Last week I shared with you some of the holiday traditions that have become a part of my life in adulthood, but we also have traditions from childhood. My dad has always loved Christmas. One thing he loved doing was buying each of us ornaments for each Christmas. I have two brothers, and we all received ornaments that matched a theme. My older brother got toy soldiers. My younger brother got angels. I got mice. Over the years, Hallmark phased out soldiers and angels, but I think mice are just cute enough that they always had a supply. In adulthood, I have taken my mice to put on the tree. They’re still in the same box I had them in as a child, from the Christmas when we all got cross country ski boots. For years I haven’t put them up out of fear that the kids would damage them, but that’s not a fear anymore. This year’s tree features my mice ornaments, and I’ve been deliriously joyful about having my mice on display again. There’s something comforting about that tradition.
Another tradition we had growing up was going Christmas caroling with other folks from Wayne Park Baptist Church. Young and old would carpool from the church to sing carols to church members who couldn’t get to church for the holidays. We’d go from room to room, from place to place singing dozens of songs. Many of my favorite songs and carols are still bouncing around in my head all these years later because of those years spent caroling with the Baptists. We didn’t just stick with the Christian songs. We’d sing “Up on the Housetop,” “Frosty the Snowman,” and “We Wish You a Merry Christmas.” We’d also sing many of the songs we’ll get to around here as we near Christmas — “Silent Night,” “Joy to the World!” and “Away in a Manger.”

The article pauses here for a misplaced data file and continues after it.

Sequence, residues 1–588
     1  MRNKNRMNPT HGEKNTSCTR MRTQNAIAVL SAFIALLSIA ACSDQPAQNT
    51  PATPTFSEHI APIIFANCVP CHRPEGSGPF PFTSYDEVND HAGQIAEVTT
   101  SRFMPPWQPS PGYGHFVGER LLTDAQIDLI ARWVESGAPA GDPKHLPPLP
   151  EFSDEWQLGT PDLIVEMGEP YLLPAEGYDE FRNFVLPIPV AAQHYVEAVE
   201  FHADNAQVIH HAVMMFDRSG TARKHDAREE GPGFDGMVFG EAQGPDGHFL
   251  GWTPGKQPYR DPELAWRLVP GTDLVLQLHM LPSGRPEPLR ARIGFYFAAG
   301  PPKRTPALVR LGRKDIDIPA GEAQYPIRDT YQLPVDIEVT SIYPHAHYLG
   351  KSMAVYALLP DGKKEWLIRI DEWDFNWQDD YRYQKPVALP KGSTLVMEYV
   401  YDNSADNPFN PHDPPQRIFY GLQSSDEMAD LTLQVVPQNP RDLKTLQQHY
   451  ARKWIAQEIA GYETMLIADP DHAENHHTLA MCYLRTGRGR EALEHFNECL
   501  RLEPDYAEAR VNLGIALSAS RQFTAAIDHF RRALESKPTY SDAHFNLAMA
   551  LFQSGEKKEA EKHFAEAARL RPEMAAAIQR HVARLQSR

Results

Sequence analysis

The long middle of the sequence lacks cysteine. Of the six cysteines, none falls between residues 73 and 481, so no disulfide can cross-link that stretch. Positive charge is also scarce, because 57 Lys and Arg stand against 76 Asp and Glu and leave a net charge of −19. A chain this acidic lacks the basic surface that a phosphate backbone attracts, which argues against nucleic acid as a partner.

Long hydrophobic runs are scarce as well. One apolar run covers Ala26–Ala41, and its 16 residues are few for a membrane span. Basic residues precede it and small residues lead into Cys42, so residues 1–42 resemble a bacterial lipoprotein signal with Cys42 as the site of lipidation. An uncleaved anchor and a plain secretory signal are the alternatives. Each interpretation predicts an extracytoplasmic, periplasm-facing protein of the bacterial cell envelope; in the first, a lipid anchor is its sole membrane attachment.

One of my favorite carols from that time is still “God Rest Ye Merry, Gentlemen.” I believe that remains one of my mom’s favorites to this day. It’s because I love this song that I wanted to devote a sermon to it, so here we are. To my surprise — particularly because the Gathering Band plays a version of this every year and because I think the vast majority of us know this song well — it’s not in our hymnal. In fact, it wasn’t even in the previous edition of the hymnal, for those of you who remember the blue one. I also learned that it’s current title is actually “God Rest You Merry, Gentlemen” not because someone modernized from ye to you, but because ye was actually grammatically incorrect!
We’ve done bunches of these songs together, but “God Rest” is one of the oldest we’ve covered. It dates back at least to the 1650s, which is only around three decades after William Shakespeare died. Its author is unknown, and over time the lyrics have changed quite a bit. The earliest written version of the first verse reads like this:
Sit yo merry Gentlemen
Let nothing you dismay
for Jesus Christ is borne
to save or soules from Satan’s power
Whenas we runne astray
O tidings of comfort & joy
to save or soules from Satan
When as we runne away
O tidings of comfort & joy
Within 100 years, it came closer to the song we still sing today:
God rest ye, merry Gentlemen,
Let nothing you dismay,
For Jesus Christ our Saviour
Was born upon this Day.
To save poor souls from Satan’s power,
Which long time had gone astray.
Which brings tidings of comfort and joy.